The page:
Study Suggests Firm Handshakes and Good Impressions Really Do Go Hand-in-Hand
by Chris Bryant
What do handshakes tell you about people? Quite a bit, according to a study led by a University of Alabama associate professor of psychology.
The study, directed by Dr. William Chaplin, indicates that people with firm handshakes are generally more extroverted than are those with limp handshakes and that the firm handshakers make a better first impression. And it’s not just a guy thing.
“Having a firm handshake is important for making a good impression,” Chaplin said. “We found that men had firmer handshakes than women did, on average, but we also found that women who had firm handshakes tended to be evaluated as positively as men are. We thought this finding was interesting because often when women have characteristics that are more similar to men, they tend to elicit a somewhat more negative evaluation — simply because it’s counter to the usual stereotypes.”
So, what should women make of this?
“For women who are timid about shaking hands or who feel that handshaking is, traditionally, a masculine activity and who might not shake hands as firmly as they otherwise would, the message would be to go ahead and shake the hand firmly,” Chaplin said. “You make a great impression when you do.”
One of the few scientific evaluations of handshaking, the UA study appeared in the Journal of Personality and Social Psychology, a scientific journal published by the American Psychological Association.
Results from the study generated worldwide media attention, as well over 100 newspaper and television outlets, including local, regional, national and international outlets picked up on the research. Stories on Chaplin’s handshake research were spotted in the Los Angeles Times, USA Today, CNN, The London Times, the Chicago Tribune, The Sydney (Australia) Morning Herald and elsewhere.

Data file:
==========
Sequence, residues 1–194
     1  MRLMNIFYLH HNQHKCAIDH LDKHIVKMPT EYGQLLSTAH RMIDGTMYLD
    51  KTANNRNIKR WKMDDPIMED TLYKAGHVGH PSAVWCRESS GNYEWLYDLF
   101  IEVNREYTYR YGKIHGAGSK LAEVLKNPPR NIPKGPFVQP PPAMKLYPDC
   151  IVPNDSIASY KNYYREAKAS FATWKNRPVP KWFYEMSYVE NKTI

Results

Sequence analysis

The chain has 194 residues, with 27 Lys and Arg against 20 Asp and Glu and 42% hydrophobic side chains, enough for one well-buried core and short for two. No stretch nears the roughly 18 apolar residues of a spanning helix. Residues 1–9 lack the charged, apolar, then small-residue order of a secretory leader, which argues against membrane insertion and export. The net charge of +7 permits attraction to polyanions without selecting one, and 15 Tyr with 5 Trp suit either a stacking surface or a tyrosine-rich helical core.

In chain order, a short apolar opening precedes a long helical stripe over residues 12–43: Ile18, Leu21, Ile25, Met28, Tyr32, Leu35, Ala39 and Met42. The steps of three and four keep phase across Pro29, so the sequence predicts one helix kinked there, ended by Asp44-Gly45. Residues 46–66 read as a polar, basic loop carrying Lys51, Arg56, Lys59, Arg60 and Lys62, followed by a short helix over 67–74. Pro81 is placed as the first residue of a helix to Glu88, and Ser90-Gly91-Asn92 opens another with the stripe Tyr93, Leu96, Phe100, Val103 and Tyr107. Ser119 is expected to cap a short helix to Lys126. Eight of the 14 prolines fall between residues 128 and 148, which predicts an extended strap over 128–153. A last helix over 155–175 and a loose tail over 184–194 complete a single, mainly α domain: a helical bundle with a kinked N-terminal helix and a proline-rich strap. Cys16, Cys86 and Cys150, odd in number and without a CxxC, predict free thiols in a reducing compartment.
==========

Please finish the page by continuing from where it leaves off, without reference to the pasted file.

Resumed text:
“There’s a history of a lot of opinion on handshakes,” said Chaplin, “and there’s a large amount of literature in etiquette books and in business literature about handshakes and its importance, but there was very little in scientific literature about handshakes.”
In the study, four upper-level University of Alabama psychology students evaluated the handshakes of 112 male and female students whom they did not know.
The students had their hands shaken eight times — twice by each evaluator. Prior to the study, the evaluators received one month of training in handshake techniques and in rating handshakes. The students who were evaluated had agreed to participate in a personality study but did not know their handshakes were being judged.
The evaluators rated the handshakers in eight areas: grip, temperature, dryness, strength, duration, vigor, texture of skin, and eye contact. The evaluators also scored the students on nine personality variables. These two ratings were then compared with the 112 students’ personality traits, as self-reported on four extensive questionnaires.
“We did find that people’s handshakes were stable across time and consistent across the evaluators,” Chaplin said. “We found that handshakes were related significantly and systematically to several personality characteristics as assessed by the self report measures. Those characteristics included extroversion and emotional expressiveness. We also found a negative correlation between a firm handshake and shyness and neuroticism.”
The study also pointed to some interesting differences between men’s and women’s handshakes and the impressions left.
Women with firm handshakes were deemed more open than were women with less firm handshakes. This made a favorable impression. However, these relations were not found with men; if anything, more open men had a less firm handshake.
If you discover your handshake is not firm enough, it may be tough to change it, says Chaplin.
“I’m not sure how easy it is to for someone who doesn’t have a firm handshake to suddenly develop one,” he said.
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